By James Loeffler
Last week, the State Department’s Commission on Unalienable Rights issued its draft report on the global status of human rights. The report, which resulted from a year of cerebral discussions with a carefully curated set of scholars and activists, brought the conversation back to where it started: an impassioned celebration of religious freedom as the most important human right. Anticipating criticisms of advancing a highly selective, conservative-Christian reading of human rights, Secretary of State Mike Pompeo has defended the focus on religious freedom as a distinctively American birthright now applicable to all manner of “faith traditions.” In fact, he argues, the original American human-rights vision was inspired equally by another non-Christian religion, Judaism. The report, he has said, will “return America’s understanding of human rights … back to the fundamental moorings of the Judeo-Christian tradition on which this country was founded.” Except that tradition never existed.
The “Judeo-Christian tradition” was one of 20th-century America’s greatest political inventions. An ecumenical marketing meme for combating godless communism, the catchphrase long did the work of animating American conservatives in the Cold War battle. For a brief time, canny liberals also embraced the phrase as a rhetorical pathway of inclusion into postwar American democracy for Jews, Catholics, and Black Americans. In a world divided by totalitarianism abroad and racial segregation at home, the notion of a shared American religious heritage promised racial healing and national unity.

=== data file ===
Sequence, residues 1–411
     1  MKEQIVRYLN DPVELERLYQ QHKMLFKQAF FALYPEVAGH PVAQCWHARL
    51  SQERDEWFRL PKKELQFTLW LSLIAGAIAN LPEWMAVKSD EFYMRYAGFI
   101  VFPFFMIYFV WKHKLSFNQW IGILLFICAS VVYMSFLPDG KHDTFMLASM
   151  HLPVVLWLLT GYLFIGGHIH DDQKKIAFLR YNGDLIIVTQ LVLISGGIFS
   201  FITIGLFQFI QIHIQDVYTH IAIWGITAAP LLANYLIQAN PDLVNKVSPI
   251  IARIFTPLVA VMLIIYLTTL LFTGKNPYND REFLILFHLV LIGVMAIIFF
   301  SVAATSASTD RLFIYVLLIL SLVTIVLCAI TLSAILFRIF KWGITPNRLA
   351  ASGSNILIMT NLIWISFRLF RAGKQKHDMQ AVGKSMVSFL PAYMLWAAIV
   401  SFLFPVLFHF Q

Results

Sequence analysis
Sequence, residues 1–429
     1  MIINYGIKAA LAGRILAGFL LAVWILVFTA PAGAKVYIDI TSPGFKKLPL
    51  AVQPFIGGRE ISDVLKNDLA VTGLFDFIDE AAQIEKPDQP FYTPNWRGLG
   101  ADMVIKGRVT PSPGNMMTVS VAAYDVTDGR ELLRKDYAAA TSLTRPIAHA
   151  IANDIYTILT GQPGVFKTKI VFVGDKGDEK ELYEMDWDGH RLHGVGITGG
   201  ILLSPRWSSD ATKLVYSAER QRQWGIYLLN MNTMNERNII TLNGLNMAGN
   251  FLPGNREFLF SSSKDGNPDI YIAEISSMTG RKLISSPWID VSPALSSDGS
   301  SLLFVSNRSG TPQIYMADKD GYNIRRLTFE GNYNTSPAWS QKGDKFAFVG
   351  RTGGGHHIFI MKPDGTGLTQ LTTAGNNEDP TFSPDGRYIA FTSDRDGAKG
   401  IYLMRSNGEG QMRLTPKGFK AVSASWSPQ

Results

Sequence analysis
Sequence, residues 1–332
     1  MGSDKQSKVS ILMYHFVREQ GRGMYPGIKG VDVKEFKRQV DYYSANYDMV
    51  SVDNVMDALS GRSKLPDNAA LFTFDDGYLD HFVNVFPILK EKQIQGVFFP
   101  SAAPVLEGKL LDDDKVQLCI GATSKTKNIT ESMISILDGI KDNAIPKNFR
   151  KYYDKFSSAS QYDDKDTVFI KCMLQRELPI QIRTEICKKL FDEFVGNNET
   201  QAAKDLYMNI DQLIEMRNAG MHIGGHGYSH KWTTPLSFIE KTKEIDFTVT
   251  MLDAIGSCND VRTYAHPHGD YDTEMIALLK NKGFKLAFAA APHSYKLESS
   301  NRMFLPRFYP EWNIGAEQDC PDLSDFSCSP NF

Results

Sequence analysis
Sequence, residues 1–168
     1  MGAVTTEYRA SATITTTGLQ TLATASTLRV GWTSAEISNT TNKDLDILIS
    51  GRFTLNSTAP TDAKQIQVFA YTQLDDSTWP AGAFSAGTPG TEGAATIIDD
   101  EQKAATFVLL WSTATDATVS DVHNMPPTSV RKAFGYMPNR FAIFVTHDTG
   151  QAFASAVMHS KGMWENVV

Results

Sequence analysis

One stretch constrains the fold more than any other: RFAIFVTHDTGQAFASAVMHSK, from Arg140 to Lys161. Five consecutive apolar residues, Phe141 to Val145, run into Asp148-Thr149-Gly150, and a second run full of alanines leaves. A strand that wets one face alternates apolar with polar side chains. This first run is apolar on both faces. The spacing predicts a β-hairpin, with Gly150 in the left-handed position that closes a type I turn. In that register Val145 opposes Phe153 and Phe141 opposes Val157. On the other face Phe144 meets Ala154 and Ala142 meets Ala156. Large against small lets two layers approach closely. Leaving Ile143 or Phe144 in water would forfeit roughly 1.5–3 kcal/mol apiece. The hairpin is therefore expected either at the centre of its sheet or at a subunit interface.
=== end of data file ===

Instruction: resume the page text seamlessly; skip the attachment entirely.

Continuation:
Yet the “Judeo-Christian tradition” excluded not only Muslims, Native Americans, and other non-Western religious communities, but also atheists and secularists of all persuasions. American Jews themselves were reluctant adopters. After centuries of Christian anti-Semitic persecution and philo-Semitic fantasies of Jewish conversion, many eyed the award of an honorary hyphen with suspicion. Even some anti-communist politicians themselves recognized the concept as ill-suited to America’s postwar quest for global primacy in a decolonizing world.
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